Is Neighborhood Fragmentation Polarizing America? (w/ Seth D. Kaplan)

January 13, 2023 00:47:19
Is Neighborhood Fragmentation Polarizing America? (w/ Seth D. Kaplan)
Aaron Ross Powell
Is Neighborhood Fragmentation Polarizing America? (w/ Seth D. Kaplan)

Jan 13 2023 | 00:47:19

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Aaron Ross Powell

Show Notes

Our guest today argues that a lot of America's social and economic problems, including the rise of populism and the affinity for authoritarian leaders, can be traced back to changing relationships and institutions in our neighborhoods.

Dr. Seth D. Kaplan is a Professorial Lecturer in the Paul H. Nitze School of Advanced International Studies at Johns Hopkins University, Senior Advisor for the Institute for Integrated Transitions, visiting Fellow with Mercatus Center's Program on Pluralism and Civil Exchange, and consultant to organizations such as the World Bank, USAID, the State Department, and OECD. He's the author of the forthcoming Fragile Neighborhoods: Repairing American Society, One Zip Code at a Time.

Reactionary Minds is a project of The UnPopulist. Hosted by Aaron Ross Powell. Produced by Landry Ayres.

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Episode Transcript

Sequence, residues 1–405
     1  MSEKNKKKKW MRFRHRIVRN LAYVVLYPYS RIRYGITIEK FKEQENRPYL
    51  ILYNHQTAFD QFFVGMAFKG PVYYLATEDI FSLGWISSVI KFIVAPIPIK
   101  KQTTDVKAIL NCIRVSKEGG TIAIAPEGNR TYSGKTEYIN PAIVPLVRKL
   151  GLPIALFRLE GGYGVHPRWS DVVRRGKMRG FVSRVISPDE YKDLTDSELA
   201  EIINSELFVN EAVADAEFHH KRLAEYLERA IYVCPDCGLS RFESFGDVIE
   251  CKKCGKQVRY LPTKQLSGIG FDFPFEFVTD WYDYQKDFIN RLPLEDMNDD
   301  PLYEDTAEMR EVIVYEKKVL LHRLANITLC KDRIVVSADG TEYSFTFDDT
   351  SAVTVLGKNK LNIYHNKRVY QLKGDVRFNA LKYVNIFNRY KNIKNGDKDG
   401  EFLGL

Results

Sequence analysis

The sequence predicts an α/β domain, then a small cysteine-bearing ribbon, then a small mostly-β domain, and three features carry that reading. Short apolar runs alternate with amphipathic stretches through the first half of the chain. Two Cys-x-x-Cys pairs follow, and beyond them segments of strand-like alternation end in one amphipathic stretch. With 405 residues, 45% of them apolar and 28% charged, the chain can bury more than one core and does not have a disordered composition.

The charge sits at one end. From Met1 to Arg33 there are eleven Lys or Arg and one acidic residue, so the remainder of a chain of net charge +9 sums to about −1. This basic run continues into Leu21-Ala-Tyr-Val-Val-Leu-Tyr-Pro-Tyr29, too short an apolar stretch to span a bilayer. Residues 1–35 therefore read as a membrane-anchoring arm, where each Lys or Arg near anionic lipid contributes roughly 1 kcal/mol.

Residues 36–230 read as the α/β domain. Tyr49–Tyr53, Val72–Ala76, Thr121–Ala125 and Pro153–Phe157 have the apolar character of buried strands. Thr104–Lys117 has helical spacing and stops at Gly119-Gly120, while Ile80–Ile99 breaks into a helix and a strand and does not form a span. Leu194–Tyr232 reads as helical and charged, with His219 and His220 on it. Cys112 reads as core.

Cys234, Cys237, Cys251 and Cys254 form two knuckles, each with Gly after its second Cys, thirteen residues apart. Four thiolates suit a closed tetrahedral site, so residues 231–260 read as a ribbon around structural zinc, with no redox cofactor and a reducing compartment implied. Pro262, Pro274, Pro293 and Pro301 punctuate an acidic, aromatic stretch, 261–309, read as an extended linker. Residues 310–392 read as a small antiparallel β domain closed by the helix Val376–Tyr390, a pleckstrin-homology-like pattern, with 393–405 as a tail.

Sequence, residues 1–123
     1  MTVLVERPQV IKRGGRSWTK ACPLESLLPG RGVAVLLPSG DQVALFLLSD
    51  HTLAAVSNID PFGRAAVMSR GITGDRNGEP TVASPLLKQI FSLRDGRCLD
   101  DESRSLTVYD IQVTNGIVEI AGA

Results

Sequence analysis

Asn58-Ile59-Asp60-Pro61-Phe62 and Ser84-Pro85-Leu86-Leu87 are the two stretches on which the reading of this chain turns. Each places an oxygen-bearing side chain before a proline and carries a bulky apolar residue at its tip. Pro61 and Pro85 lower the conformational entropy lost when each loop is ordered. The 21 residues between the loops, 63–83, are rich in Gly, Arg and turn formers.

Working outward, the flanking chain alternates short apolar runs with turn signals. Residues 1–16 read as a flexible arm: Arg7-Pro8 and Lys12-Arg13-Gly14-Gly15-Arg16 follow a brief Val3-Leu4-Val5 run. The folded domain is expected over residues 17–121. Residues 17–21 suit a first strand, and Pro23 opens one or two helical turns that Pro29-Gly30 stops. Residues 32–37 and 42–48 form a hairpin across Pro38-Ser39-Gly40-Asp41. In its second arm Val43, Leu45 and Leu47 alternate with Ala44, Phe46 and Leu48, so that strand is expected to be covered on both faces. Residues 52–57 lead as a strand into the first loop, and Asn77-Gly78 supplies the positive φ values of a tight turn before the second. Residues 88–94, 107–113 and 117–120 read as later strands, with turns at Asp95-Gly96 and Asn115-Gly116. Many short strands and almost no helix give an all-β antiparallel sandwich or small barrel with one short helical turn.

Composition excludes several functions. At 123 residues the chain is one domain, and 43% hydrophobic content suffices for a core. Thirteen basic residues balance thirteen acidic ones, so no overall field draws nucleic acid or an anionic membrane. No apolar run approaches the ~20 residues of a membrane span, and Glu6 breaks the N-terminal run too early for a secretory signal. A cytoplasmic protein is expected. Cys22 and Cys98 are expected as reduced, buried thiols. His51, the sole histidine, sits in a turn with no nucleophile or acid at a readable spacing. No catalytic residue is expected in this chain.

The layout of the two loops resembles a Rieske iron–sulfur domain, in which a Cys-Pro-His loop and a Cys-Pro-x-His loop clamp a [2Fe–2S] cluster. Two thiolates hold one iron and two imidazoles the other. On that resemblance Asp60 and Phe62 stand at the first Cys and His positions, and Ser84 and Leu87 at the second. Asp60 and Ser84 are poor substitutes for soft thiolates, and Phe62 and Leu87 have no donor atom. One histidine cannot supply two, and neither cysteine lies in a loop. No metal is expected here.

Aaron Ross Powell: Welcome to Reactionary Minds, a project of The UnPopulist. I'm your host, Aaron Ross Powell. My guest today argues that a lot of America's social and economic problems, including the rise of populism and the affinity for authoritarian leaders, can be traced back to changing relationships and institutions in our neighborhoods. Dr. Seth D. Kaplan is a Professorial Lecturer in the Paul H. Nitze School of Advanced International Studies at Johns Hopkins University, Senior Advisor for the Institute for Integrated Transitions, visiting Fellow with Mercatus Center's Program on Pluralism and Civil Exchange, and consultant to organizations such as the World Bank, USAID, the State Department, and OECD. He's the author of the forthcoming Fragile Neighborhoods: Repairing American Society, One Zip Code at a Time. Aaron: What's wrong with America's neighborhoods? Dr. Seth D. Kaplan: Think, if we went back 50, 60 years ago, you would know your neighbors, you would talk to them, you would have sustained relationships with them. You would be involved in personal relationships, you would be involved in, some might be informal, it might be formal, it might be the PTA, it might be some association, might just be a network of people that got together maybe around kids or around something to do with your spare time. We were embedded in relationships, we were embedded in institutions. Now, we have very little of that. Instead, we're on our phones, we're alone, we're isolated. If we have a problem, we don't know who to call. We may not have anybody near us that we know well enough to depend upon. For me, when I talk about the problems of neighborhoods, I'm saying that because of the nature of how our relationships and institutions and neighborhoods have evolved, we're more isolated, we're more lonely, we're more vulnerable. We're more likely to be alienated from our surroundings, from institutions, and that feeds into a whole slew of other problems. Some social problems like suicide, deaths, or despair, but also larger political problems such as the rise of populism and polarization. Aaron: There's a lot there so let me ask some follow-up questions to unpack some of the things that you said. First, when you talk about increasing isolation, do you mean, I guess, physical in the sense that if I'm at home, and I'm interacting with hundreds of people online, or I have deep friendships, or I'm having Zoom happy hours with colleagues across the country, I am interacting with a lot of people. They're just not people who happen to live next door. Is there a meaningful distinction between those two? Seth: In general, yes. Clearly, you could have a really good friend. My wife, her best friend is in San Diego. They haven't seen each other in at least 10 years, a few years more than that, I believe. They don't necessarily speak every day, but when they speak, they speak for hours. Whenever there's a problem, they call each other for long periods of time. That's a deep relationship. That relationship started in college, they spent many years together. It's much harder to create that relationship without the starting point being in person. What I'm talking about is a more general, there's a general phenomenon with, you look at the data, people are spending much less time not only with neighbors but simply with friends, with family, with other people. Yes, they might be in meetings, but actually, they're less time with people. When you're in a meeting with 100 people, that's not much of an interpersonal relationship. You develop deep relationships because you spend a lot of time with people. You spend undivided time with people, you do things with people. That could be in your family, that could be on your street, that could be towards some goal. If you work with someone for 10 years, and it was just two or three of you, you might have a very good relationship around that. It wouldn't quite be the same because maybe somebody would fire you, and where would you be then? But at least it would theoretically be a close relationship. Those types of Zoom meetings, those quantity large numbers of people virtual, you're not developing deep relationships. There's no institutions bringing you together, and so that's completely different. Aaron: That leads into my second question, which is, you've used the term "institutions," what do you mean by that? Seth: Institutions can be many things. A marriage, a family is institution. A network, a neighborhood association is an institution. A church is an institution, a school is an institution. I live in a neighborhood that's full of institutions, so it could be last night, my oldest child's school had their annual dinner. There were over 500 people there. I didn't know many of them, but maybe I knew 50 people at the dinner. Most of them are my neighbors or nearby people. Most of them I see on a regular basis because they're in my neighborhood. My daughter plays with them, my wife walks down the street to the park and sees them. We have the institution of the school. We also have a lot of informal institutions and networks, not quite institutions, that are bringing people together on a regular basis just to carpool back and forth. “Can you help me? Can I help you?”. That's not quite an institution, but there are some norms, and there are some things that are happening regularly that lead us to have recurring interactions with the same people which develops norms, which develops trust, which develops interdependency. That is something that more and more people in America are missing. They don't have those relationships, they're not embedded in those institutions. They don't have that interdependency. Therefore, I would say what is affecting them, whether it's television or politics, or the rise of populist figures, it's a completely different influence on their lives. When you have a vacuum, things will fill the vacuum. Aaron: One final clarification question before we move on to the effects of all this. How evenly distributed are these problems? We hear a lot about, say, the hollowing out of rural communities, that they lose their churches and other institutions. That the jobs aren't there, that a lot of people move out of them. They seem to fit a lot of what you're describing. But on the other side, if you live in a dense city, you're exposed to a lot of people, you may interact with a lot of people. Is this more of a rural and suburban problem than an urban problem, or do we see it more uniformly distributed? Seth: I think there's some argument that your distinction makes sense, but I would say that it's really hard to judge. I've been to rural areas with very thick institutions. I've been to some urban areas where they have very weak institutions, dysfunctional patterns. There might be a neighborhood. If you go to many American cities, the one being Washington that I think of the most, we have some of this in Washington. You go to Baltimore, and you walk around the city, the inequality, simply the great differences between a more materially well-off, social problems and material problems are not the same. You can just walk around some of the neighborhoods and see the lack of supporting institutions, literally, in terms of people's lives. The families aren't stable, the schools aren't very successful. The networks in the neighborhood are not helping people find opportunity and help them when they're in trouble. If anything, they're working against that. We need to think beyond these types of categorizations. Certainly, one thing that matters is places in which there's a lot of religion. You can find some rural areas in which, for example, there's a few strong churches, and there's a long history, and the community is very strong. You can go to eastern Kentucky where I went for a book I finished this year, and you can find there's devastation worse than you can find in any city. You have populations down by, I don't know, 30%, 40% within a relatively short period of time. You have a really awful situation, and part of it is the fact that they're in the rural area, and when there's problems and you're isolated, the problems, they cascade, and they're much harder to get your hands around. Believe me, I can find equally bad problems in cities. Aaron: Obviously, someone who is feeling isolated is not embedded in institutions, is unmoored from those cultural touchstones, can be personally fairly miserable. I can imagine that can cause problems for the people in their immediate lives as well, but what are the broader social and political implications of this? Seth: Socially, the clearest I would say the politics. Let me talk about the politics second. For me, when you first look at this problem, you find that the United States has enormous spatial inequality. What I mean by that, I can mean that on a couple levels. First, you have about 800 or so distressed neighborhoods in cities. Those are neighborhoods with very high levels of concentration of poverty. You have very few married families, you have very few models. You have very few people with any material wealth that are invested in those communities. Mostly, anyone that does well leaves, and every time they leave the neighborhood gets a little worse. Every program meant to help those people, those programs mostly encourage people, you get an opportunity you need to get out. When we think about how to address those problems, we mostly try to help individuals and make the places worse. Certainly, the spatial inequality feeds into great disadvantage. It feeds into the fact that's now somewhat well-known, is that the social mobility is way down. If you're born poor, you're much more likely to stay poor than 50, 60 years ago. The single most important reason why that's true is that some zip codes, some neighborhoods, you simply have a great, great disadvantage compared to others. That feeds into anger, that feeds into lots of issues you can see in our society. Health, politics, social, and lots of money being spent that's not actually succeeding because those problems are intractable if you don't deal with the neighborhood effect. In terms of the broader issue, the less we have relationships and institutions that we're involved with and committed to, I think the more we focus on politics, the more likely we're to focus on more authoritarian leaders. There are certainly studies, if you look at the rise of authoritarianism in the mid-20th century, one of the causes that's been identified by of quite a few scholars is that people had no attachments. They became alienated. I think clearly, we see some of that in the United States, which explains why there's so much emphasis on politics, and there is a desire on the left and the right for, I would say, either very abstract policies without thinking through the impact on human beings and a great emphasis on individuals as saviors. Aaron: How does this compare to other countries? Obviously, all countries have seen a rise of smartphones, an addiction to that, and spending time online, and so on. We've seen Europe is much more secular than the United States, much lower church attendance. It's much more urbanized, its life is even more politically determined in a lot of ways. Do we see similar things or is this more of an American problem? Seth: We see populism rising in many countries, and I'm sure that's something to do with the media. I'm sure it's something to do with the decline of community, the decline of relationships on a personal level. It's a global trend. I would say it's more likely to be worse in highly individualistic countries. A place like the United States, we're all spread out, we've designed our landscape in a way that's unlike almost any other place in the world. Just drive around the United States. You live in Colorado, you probably live in a relatively small area. If there's a center of gravity around the town, and most people live around the town, conceivably, there are relationships that people will know each other, and there'll be some community. But if you live in most of America around cities, you get house after house after house. There may be no sidewalks, there may be no local shopping, you're going to drive to the highway or some shopping center. You have no way to know anybody around you. When we design a country, that's a country designed for isolation, that's a country designed to be socially impoverished. There's a lot of things that we do. Up until World War II, every civilization in the world designed their physical landscape in a certain way that basically enriched people's lives socially. After World War II, the United States, in particular, you see some of this elsewhere, but I think we're the extreme example, is that we've designed a society for the individual, for the material. It maximizes autonomy, but that also maximizes isolation, maximizes social impoverishment. We even have zoning and all sorts of rules that make it impossible for you to have a cafe in your neighborhood, impossible to run any office except in your house. It's incredible that you can walk streets after streets, and you can see nothing but houses. There's a term called third places. Not your office, not your home, a third place where you go meet people. We don't even have those. We even have, we send our kids to schools often not around where we live anymore. If you live in a suburb, I grew up in a suburb. We had a school district. That school district encouraged us to know our neighbors because of the way the district was designed. Often, today, we don't even do that. There's a lot of things we're doing in our society that isolate us, separate us, and I believe that feeds into some of the larger problems we're seeing. Aaron: The causes that you have set out seem like they fall into two categories. One is externally imposed restrictions in terms of zoning and other government policies that are making it more difficult for us to live in the kinds of neighborhoods that would be healthier in the ways that you have described. That is an issue where if we had more freedom to design neighborhoods the way that we want to, build them in these kind of ad hoc emergent ways, which is the way that these healthier European cities are, it would alleviate some of that. On the other hand, you have causes that seem to be, this might be an unfair way to characterize it, but symptoms of liberalism. That our society is one that values self-authorship, self-expression, autonomy, personal choice, and so on, and that those things, I think that one of the phrases that you use in one of your essays is we have freedom from traditional constraints. Those seem to be problems of basically too much freedom or encouraging freedom on the individual level. The one from the perspective of The UnPopulist’s “We defend liberalism,” getting rid of zoning laws and other sorts of restrictions, “yay” we should definitely do that, but concerns about liberal autonomy seem potentially more troubling. Are you saying that we need to basically dial down cultural and social liberalism in order to have healthier communities? Seth: I think if you look at de Tocqueville and you look at the founders of the United States, you'll see a clear preference for a strong society, strong social institutions, strong associations. They didn't necessarily have to be religion. Religion was one of the important ones. There's certainly a lot of data that says religious institutions are very important for developing the type of skills you need to be in a liberal society. I'm not sure the term "dial down" is quite correct. I think it's a question of liberalism depends on some pre-political values, pre-political social landscape. I think the people who are great political philosophers from the 18th, 19th century, they understood that liberalism did not exist in isolation. Liberalism depended upon these pre-political, very socially determined dynamics. I would say, if anything, we have forgotten that. It's not a question of dialing down liberalism. It's a question of dialing up these other mechanisms. It's not something you can snap your finger and you can do. You have to think very hard about, how do you strengthen social institutions? How do you create a landscape that will encourage the development of social institutions? Some of it is relatively simple. If you live in a cul-de-sac, what I used to call a dead-end street or a cul-de-sac, you probably know your neighbors more than if you live on a street next to a pretty busy road, and you're likely to—cul-de-sac, your kids roam, they know their neighbors. You live on a busy street. You want to keep your kids off the front yard, and you may not know anyone, and that's a landscape issue. School districts, the way we build our houses, there's a lot of things we can do as a society that will nurture strong social institutions, strong social relationships. I think we simply never had to do them. We never had to do this. They were always there, and so we took them for granted. I would say in the last 50 or 60 years, we've done a lot of things that have weakened, damaged these social institutions. Even our civil society. Civil society used to be thick with social institutions. Now it's often professionally managed nonprofits. You send in the check, they advocate or they do things for people. It used to be we did things together in a personal relationship to help each other. Now we're doing things to those in need, or we're sending in a check, or advocating. Just think about how different civil society is now for the way it was for the first 300 or so years of the American project if I go back to the 17th century. I don't think there's anything about dialing down liberalism. I just think we've forgotten the ingredients that are necessary for liberalism to flourish. The question is, what do we have to do to strengthen those, encourage those, nurture those? A lot of it isn't policy, but certainly, policy has to play a role. I would say our ambitions, the question is what is it in the culture that would encourage people to be ambitious in their neighborhood, in their locale, and not be simply their personal ambitions with politics? There's so much emphasis on politics, and I don't think politics is the source of our ills today at all. Aaron: I agree with that part entirely and have frequently made the argument that one of the real pathologies in our culture, in an increasingly politicized culture is that it tells us that if you want to make the world a better place, you do that via political mechanisms. That, you want to improve the lives of the people around you, run for office, or start a new government program, or so on. That people who attempt to affect positive change in non-state ways tend to be looked down on as kind of less committed to justice and improvement, and it routes resources away from healthier uses. You said, look at the way that civil society looked 50, 60 years ago, and one big change that we have seen over the last 50, 60 years, and I'm curious if these are related, is a breaking down of traditional hierarchies along race, gender, ethnicity, religion lines and a radically growing social tolerance for lifestyles, and preferences, and identities that historically were very repressed and oppressed. It's, yes, there was a time when your local neighborhood was much stronger, the social ties were much stronger. You were much more likely to be involved in church and so on. You didn't leave your town. But if you were, say, the gay kid in rural eastern Kentucky, or you were now the trans kid living in Texas, that was a pretty miserable setup for you. The ability to flee your town to the much more cosmopolitan city, and express yourself, and find people who maybe weren't the people in your geographic area, so maybe you're finding them online now, but you're finding people who share your values and identities, and so on, has been a huge positive, or the freeing up the ability of women to go out and have careers and so on. Those are all good things, but those also all seem like things that cut against at least the way that the institutions you're describing used to exist. Seth: Yes, I agree completely. Society's trade-offs and society is about balancing individual autonomy and balancing the greater needs of society. That's the constant tension. It's a natural tension. Society, to some degree, goes back and forth. If you went to the era in post-Civil War, you had a similar phenomenon in which you had an enormous emphasis on national politics over some decades. Then towards the end of the century, the 19th century, there was a turn much more to local, whether it's settlement houses or building local politics to get rid of corruption in your city. There was a huge shift in emphasis in the culture, so it's not like we haven't been on this. American history, one of the great things is how long it is, and how much there's a consistent baseline in terms of the same institutions nationally, and you can see these shifts going back and forth. It's not like this is the first time we've had this dynamic, or we need to go through this experience, but in terms of what you said, for sure, in the last 50, 60 years, the freedoms, the opening up of society, many, many people have benefited. It's clear that we're wealthier. There are segments of our population, some of which you've mentioned, have done much better. We have a lot more immigration than we had post-1965, a lot more immigrants, and our society is much more diverse in every way possible. For all of those reasons, there's people who were constrained before that have benefited, but what you see at the same time is, and this is less about groups now than about individuals, there are certain people who have thrived because of decay of these social institutions. They're able to create their networks. They're able to create wealth and move to places they want to move to. Many, many individuals across all the groups in society, men, women, Black, White, Hispanic, gay, trans, straight, whatever it is, those who have been able to thrive, they've done incredibly well with the type of society we've created because the society is designed for those who are most able to make money, most able to climb up the type of social ladder that we have in our society to do well. The downside of that, without the social structures, without the institutions, those that don't do as well, that might have been in the wrong place, or might not have got out of that place before it started doing badly, that might have been in coal country, might have been in some neighborhood in a city that went bad, that might have been in a part of the country where the factories went to Asia, and they didn't get out, or they weren't able to get out, or they had a parent— if you were in west Virginia or whatever, in east western Pennsylvania, you had a parent who couldn't move, didn't want to move. You lost your job, what were you going to do? Abandon your parent, or go in search of a job? There's a lot of people like that because of the decay of the social structures, and the norms, and the parts of her country that suffered a lot. I can speak from personal experience, I have a brother-in-law who has never quite made it, and constantly having my wife try to take care of this person, and if this person was somehow embedded in stronger—they're immigrants, so they didn't grow up in a place in America where they were deeply embedded in institutions. They came, they were always very isolated, they have a problem with the language. Here's a person who struggles over and over and over again. Part of it is that there's not sufficient supporting structures, or they're not deeply embedded, and you have a lot of people like that. You have, I would think there's tens of millions of Americans who would do better if they had a stronger neighborhood, stronger social structure around them. When I talk about this spatial inequality, which is a little bit of a different problem than the problem of populism, I'm talking about those millions and millions of people that, because of where they are, and what's going on in their neighborhood, they simply have a much less bright frontier and much less hope for the future, and a much worse present than those of us who live in nice suburbs, and we're comfortable with who we are, and we're well connected to our work. That's a whole different problem that it gets actually very little attention. We talk about the rise of populism and the problems of our politics, we talk about poverty, but we don't really talk about these large segments of the country where people literally are trapped or are greatly disadvantaged simply of what street, what neighborhood they're in. It's a bit shocking to me coming from around the world where I travel, that you see so many people like that, and so little discussion of the problem. Aaron: I'm just speculating here, but could the problems that you describe be related to the rise and spread of not just populism but the conspiratorial thinking that goes along with it? I'm thinking of the significant rise of say, QAnon, which I think you could reframe as lonely and isolated people trying to find a way to feel like they are part of something that is bigger, that gives them a connection, that gives them a purpose, that gives them a mission that, "We are fighting back against these elites and conspiracies, and satanic cults, and I'm figuring out the hidden messages, which gives me a sense of accomplishment." Is there a relation between that kind of down-the-rabbit-hole conspiracy thinking and the loneliness and disconnection that you're describing? Seth: Yes. I can't prove it. I haven't done a study to say who believes that versus what's their social, but let's go back. If you look at the data of the people who supported Trump early in his presidential run, there's plenty of data that shows that if you lived in counties or places with high social connectivity, you are less likely to support Trump than if you lived in places, counties in which there was low social connectivity. That's the best data I have to show you. The Mormons, for example, very reluctant to support Trump. Those are among the people that are most socially connected in terms of their local neighborhood or equivalent of a parish. Parish institutions is a little more than a neighborhood, depends on where you are, but they have very thick social connections, and they're very resistant, very resistant, to this type of populist person. In terms of what you just said, I think we need to think of problems as upstream versus downstream. For me, if you are embedded in good relationships, you feel like your life has meaning, you feel like you have people that you support and are likely to support you. If those things are, these pre-political things, these things that are upstream, if those are all in place, you're much less likely to fall into poverty. You're much less likely to have suicide, you're much less likely to be low trust of the society. You're much less likely to be a supporter of conspiracy theories as you described. For me, all those things are related. Those things are products of something that's going on in our society. Clearly, the change in media has some impact both as a cause to weaken our relationships and as a driver of these conspiracy theories, but I would say that if you had the strong social institutions in place, which must happen at the neighborhood level, you are going to be much more resistant to the problems you've described. Aaron: Then what are the mechanisms we have for fixing these problems, for rebuilding these institutions, and to do so in a way that doesn't reverse the progress that people who thrive in the new environment have had? Because we don't want to make things bad for gay and trans people, and women, and so on, and Blacks again, in order to fix it, obviously. Do we have ways to start building those institutions? Seth: Yes. Broadly speaking, I don't think anything we have to do would have any impact on the population groups you've mentioned. Broadly speaking, I have two big buckets of things that we can do. One is what I would call the geography bucket. This is things like let's re-envision the landscape that is America. If we were to have a renewed push on neighborhoods and what that meant for our society if everybody lived in an identified neighborhood. If you go to New York City, I'm from New York, you have some sense of your neighborhood, you have some sense of there's shopping in your neighborhood. That's unusual because that's an older city. It was designed around neighborhoods, and there's a few places like that. Imagine everywhere in America, we re-envisioned our whole landscape around neighborhoods. Imagine also that we decentralized government, at least some of governments, that neighborhoods had a say in how resources were spent, how their neighborhoods were shaped. Imagine that we had zoning and other government policies that were designed to strengthen neighborhoods so they were around commercial areas, they're around school districts, they were around places for people to meet. Imagine that our government agencies did work too on housing, and healthcare, and education, and economic development, but they worked on how to help us live in better neighborhoods. Housing would be neighborhood revitalization. It wouldn't just be building low-income housing, it'd be building mixed-income neighborhoods or encouraging the development of mixed-income neighborhoods, so there would be no isolated poor people, which is what happens if you only build low-income housing in low-income neighborhoods. The point is, all of these institutions need to cooperate with some mechanism in the front line to gear them in towards improving our neighborhoods. That would be the geography bucket. Second bucket is we ought to be doing things that encourage people to know each other, cooperate. These things are the third places I mentioned that could be everything from bars. Not that I go out and drink, but everything from bars to hair salons, to gyms, to coffee shops. We would encourage this to be in places where people get to know each other. Governments, you don't have to do huge things, but let's suppose there's some very good programs, for example, a program in Oswegatchie, New York. It basically gives small grants to blocks of neighbors who cooperate to improve their blocks. You could be doing a lot of little things to encourage neighbors to know each other, cooperate to strengthen their blocks or strengthen their neighborhoods. There's a initiative in Edmonton where basically they try to organize the city. The city has a long history of neighborhoods, but they basically appoint volunteers. They find volunteers by neighborhood and even by a few streets each, and they have a city encouraged, there's a few government employees, but mostly volunteer-led program to develop a lot of social activity at the neighborhood level. You go on and on developing, training people locally to play a leadership role. If you're in a poor neighborhood, finding ways to build up indigenous capital so that people don't have to leave to be wealthy. They can make money by doing, let's say housing or real estate development in the neighborhood. If you train people and you offered financing for people, people would make the neighborhoods more attractive, and they would invest in amenities because they wouldn't have to leave to have a better life. There's a lot of things we can do, I would call it geographic and social, that can strengthen neighborhoods. Aaron: Is this, to some extent, a call for density? The mixed-use neighborhoods tend to be denser neighborhoods versus just sprawled-out subdivisions tend to be denser. Because one of the things that we see a lot right now is many people fighting tooth and nail against, I think the very kinds of changes that you're asking for. The NIMBY movement is all about basically doing the opposite of everything you've just said. Seth: Yes, it may not be against all of it, but it's certainly against—people are worried that they have assets, their property, and maybe the prices will go down, or they have a very fixed idea of how they should live. This is a democracy. We cannot tell people how they should live, but I would say in answer to your original question, this is certainly a call for more density. I don't think it's necessarily a call to get rid of suburbs. I live in a suburb, and we have very thick institutions. You can find suburbs, the most famous one in greater Washington, you go to Chevy Chase, and that's pretty suburban, but very thick social institutions. You can go to some towns, it's not so dense, but there's a very rich set of local institutions and local connections and people involved with things. It is a call to design a country around mechanisms, structures, a landscape that will encourage people to spend more time with each other and to cooperate for mutual benefit and to discourage—I think we as people, human nature, we have a natural inclination to want more material and maybe to throw off our constraints, which can mean relationships. That may be our natural inclination, but it doesn't necessarily mean that that's what's in our best interest or what we would want if we were more embedded in relationships day in, day out. I think these are things that are maybe natural to the human condition, but not necessarily how we have to be or what we should be because it's really not. There's no other time in human history where you can find the kind of isolation and separation and the kind of society that we've designed for ourselves here. Aaron: Let's take that back then to the question of polarization, which you've said is exacerbated by a lot of this, and the calls for authoritarianism, and the rise of populism, and so on. Because it seems like ultimately what you're calling for is a return, at least in part, of a much more robust social trust. That we should engage with our neighbors, and with people around us, and with people who are different from us, and trust each other in these institutionally affirming ways. Yet the polarization that we see, it dissolves social trust and discourages us from trusting each other, from wanting to be around each other, from wanting to help each other, from seeing each other as part of shared projects, and so on. How do we accomplish the kinds of things you're asking for in an era where so many Americans don't just view each other as different, but as outright enemies and threats to each other's way of life, and ultimately just seem to hate each other? Seth: First of all, I would say that part of our problem is that we spend no time with each other. If you went back again, we had all the problems you've identified but we were not only cross-political, we were cross-class in terms of how we lived. Now again the headline is that we're not spending time together across politics, but I would argue the bigger problem is we're not spending time across class. The class problem feeds into the political problem, and the class problem is, in my opinion, actually more intractable in many ways. You literally have huge differences where you live in terms of your class and what that means for your future. Aaron, you've moved back to Colorado. You're one of at least 10 people, and I couldn't even give you a number, that in these couple of years have decided—I have a friend I just saw a couple of weeks ago at a conference, she moved back to Idaho. I have somebody else I know moved back to Southern Minnesota. Somebody else moved back to I think it's Iowa. There seems to be people who are saying that they want to live in a smaller place. They want to live in a place where they know people, and they can contribute at a human size, and they can have relationships as part of their lives. Somebody like you, correct me if I'm wrong, but I don't think you're going to Colorado to be a hermit on the top of the mountain. Maybe that's part of the time, but you wanted to have a bigger house maybe, you wanted to have more nature in your life. You wanted to have a chance to do some sports or skiing, but you probably also wanted to have certain types of people around you that you can have in Colorado that you couldn't necessarily have easily—I don't think that was a choice you made because you wanted to get away from anyone's politics. Colorado is a somewhat diverse state politically, it depends upon what part of the state you're in. I don't know your part. I think we can be angry at each other, but most of us, if you get us in the room with each other, or you get us on some event with each other, and especially if there's food—my primary job is bringing people together across the political spectrum to cooperate in many places around the world. That's what I do for a living. Nothing helps food, drink. Not everybody drinks, of course. You just talk, and people are often from different backgrounds, but they get to know each other personally. Then everything else is manageable. I would say easily the biggest problem we have in our country is we're not spending enough time with each other, especially in institutions, informal, formal. Regular dinners is a kind of informal institution if you think about it. The thing is, yes, we're angry, but I think we need to get beyond the headline. It's clear that there's a small percentage of people on the left and the right, I don't know, 6%, 7%, you can look up the data, that are not going to get in the room with the other side. But there's about 85% or 80%, whatever number you want to put on it, that are not that angry. They would be happy if the setting was right, if it was something that was regular, it was personal. I live in a neighborhood in which I know I can go down the two streets here and I can tell you who lives in every house on those streets. I can walk over three or four blocks, and I probably could tell you about three-quarters of the houses, who lives in them, what kids they have. This is the kind of neighborhood I live in. We almost never talk politics in my neighborhood. I don't even know for the most part, what their politics is. I could make some guesses. Depends upon what school, that we don't all go to the same school and whatnot. I could make some guesses, but for the most part, I don't actually know, but I know them as human beings. I know if my child has a problem where I might go, where the nurses are. If you have kids, you know where the nurses are, where is the potential kids that might babysit. We had a babysitter last night, and so on and so forth. Those are the things that seem to matter. I would say if our society offered these opportunities, if it was designed to encourage these opportunities, the politics would become less important. Aaron: Thank you for listening to Reactionary Minds, a project of The UnPopulist. If you want to learn more about the rise of illiberalism and the need to defend a free society, check out theunpopulist.substack.net.